Got an Engineering degree, but no longer interested in becoming an engineer?
Don’t panic. Those useful, dynamic Engineering skills won’t be going to waste. We’ve found seven successful career professionals with Engineering skills that changed career paths. You could take your skills to politics, robotics, journalism, or even become an astronaut! Where will your Engineering skills take you?
Take your career goals sky high
Josh Richards, astronaut candidate
Researching a stand-up comedy show led engineer-turned-astronaut-candidate Josh Richards to apply for the Mars One program. Before comedy, Josh studied applied physics and psychology at Curtin Uni and worked as an Army engineer, mining explosives engineer, and British Commando. Problem solving skills helped Josh reach the final 100 candidates in line for a 2031 Mars launch. “Engineering is about breaking a problem down into its components to find a solution,” he says.
Head up a team
Christine Chen, global solutions & delivery manager
After a Masters of Electrical Engineering at Uni of Sydney, Christine Chen worked in telecommunications, defence and medical devices before becoming the global solutions and delivery manager at IoT company Thinxtra. “It looks like a very wide range of industries, [but] they are actually all in the radio frequency space,” Christine says. Christine’s engineering skills help her manage teams and projects, “I am able to understand the constraints and limitations of engineering,” she explains.
A unique career path
Liam Wilkie, head of operations
Liam Wilkie went from third year mechanical engineering studies at RMIT Uni to acting Head of Operations at Once Alike. He has recently finished public testing of their prototype fully automated robot barista in Melbourne. Liam’s role combines experience in the coffee industry with his engineering knowledge of process optimisation and quality control. “If you want a great customer experience, you need to hit tight benchmarks for consistency and quality,” he explains.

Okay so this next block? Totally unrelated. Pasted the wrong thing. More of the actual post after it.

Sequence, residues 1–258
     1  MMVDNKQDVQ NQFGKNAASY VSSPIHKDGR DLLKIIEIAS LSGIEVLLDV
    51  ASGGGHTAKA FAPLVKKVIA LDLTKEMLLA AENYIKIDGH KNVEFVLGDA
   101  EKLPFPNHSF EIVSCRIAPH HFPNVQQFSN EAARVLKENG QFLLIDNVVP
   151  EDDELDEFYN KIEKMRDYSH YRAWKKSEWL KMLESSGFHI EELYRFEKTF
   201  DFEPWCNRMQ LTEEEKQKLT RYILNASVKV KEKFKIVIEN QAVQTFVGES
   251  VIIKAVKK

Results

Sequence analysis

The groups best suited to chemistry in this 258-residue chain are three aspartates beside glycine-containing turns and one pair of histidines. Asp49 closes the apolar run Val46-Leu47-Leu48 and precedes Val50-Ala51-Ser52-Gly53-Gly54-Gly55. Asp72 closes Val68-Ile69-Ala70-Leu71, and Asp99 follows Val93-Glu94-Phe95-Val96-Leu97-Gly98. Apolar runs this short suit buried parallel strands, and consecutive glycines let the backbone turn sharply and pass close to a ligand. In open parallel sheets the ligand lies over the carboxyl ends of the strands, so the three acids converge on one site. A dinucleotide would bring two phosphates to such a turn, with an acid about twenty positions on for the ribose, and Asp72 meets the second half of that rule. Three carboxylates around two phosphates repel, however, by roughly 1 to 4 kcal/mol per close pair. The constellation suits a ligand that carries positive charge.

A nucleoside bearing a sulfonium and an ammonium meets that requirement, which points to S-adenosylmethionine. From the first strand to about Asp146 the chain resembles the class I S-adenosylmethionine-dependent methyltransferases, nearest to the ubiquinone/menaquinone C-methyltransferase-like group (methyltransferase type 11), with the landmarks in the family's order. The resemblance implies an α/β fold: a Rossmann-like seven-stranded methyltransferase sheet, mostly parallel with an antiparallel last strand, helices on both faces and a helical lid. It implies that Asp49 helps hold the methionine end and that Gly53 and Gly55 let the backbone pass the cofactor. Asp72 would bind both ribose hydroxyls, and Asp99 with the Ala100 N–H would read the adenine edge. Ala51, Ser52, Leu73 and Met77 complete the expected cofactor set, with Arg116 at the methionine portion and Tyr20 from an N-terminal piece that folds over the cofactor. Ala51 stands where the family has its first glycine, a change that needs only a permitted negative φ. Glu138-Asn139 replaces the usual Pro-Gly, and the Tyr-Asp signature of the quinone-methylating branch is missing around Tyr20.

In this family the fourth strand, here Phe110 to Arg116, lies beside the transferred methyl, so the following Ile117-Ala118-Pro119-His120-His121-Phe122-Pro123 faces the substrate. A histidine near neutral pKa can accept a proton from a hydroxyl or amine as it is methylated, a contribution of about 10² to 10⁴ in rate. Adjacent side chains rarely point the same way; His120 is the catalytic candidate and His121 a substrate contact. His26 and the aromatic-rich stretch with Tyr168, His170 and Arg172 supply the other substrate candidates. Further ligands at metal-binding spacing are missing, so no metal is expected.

Tim Kannegieter, knowledge manager
A love of writing took Dr Tim Kannegieter from electrical engineering to a career in journalism and knowledge management. “My goal is to share knowledge from experts with people who are trying to apply that knowledge,” Tim explains. At Engineers Australia, Tim runs online communities for the Internet of Things (IoT) and Risk Management. Tim’s technical background makes him different from other journalists. “Everything I do is very structured and purposeful,” he says.
Lead by example
Trish White, former government minister and executive director
The Hon Trish White was a South Australian cabinet minister between 2002 and 2005 after a career spanning broadcast engineering, infrastructure, defence research, and international oil and gas. “My engineering training really assisted me in leading large government departments full of engineers and delivering infrastructure projects,” Trish says. In her current role as an executive director of professional services at Slingsby Taylor, Trish says her analytical thinking skills add a lot of value.
Kimberley Clayfield, executive manager
During her PhD at Uni of Adelaide, mechanical engineer Dr Kimberley Clayfield also completed a multi-disciplinary Space Studies Program, specialising in space law and policy. Kimberley’s combination of technical and policy skills led to government space policy roles and her current position as CSIRO’s Executive Manager Space Sciences and Technology. “My engineering training has given me the critical thinking, project management and research skills that I exercise in a broad range of applications every day,” Kimberley says.
Skillset for career diversity
Dorothy Krajewski, online business manager
Dorothy Krajewski studied chemical engineering at Monash Uni, then joined the Victorian Public Service grad program and moved to education, training and justice roles. During a career break to start a family, Dorothy began a successful blog. This led her to digital marketing and online business management. “My engineering training helps me stay focussed on the process and see the big picture as well as the detail,” she says.
– Nadine Cranenburgh
Author: STEM Contributor
This article was written by a STEM Contributor for Careers with STEM. To learn more, please visit our contact page.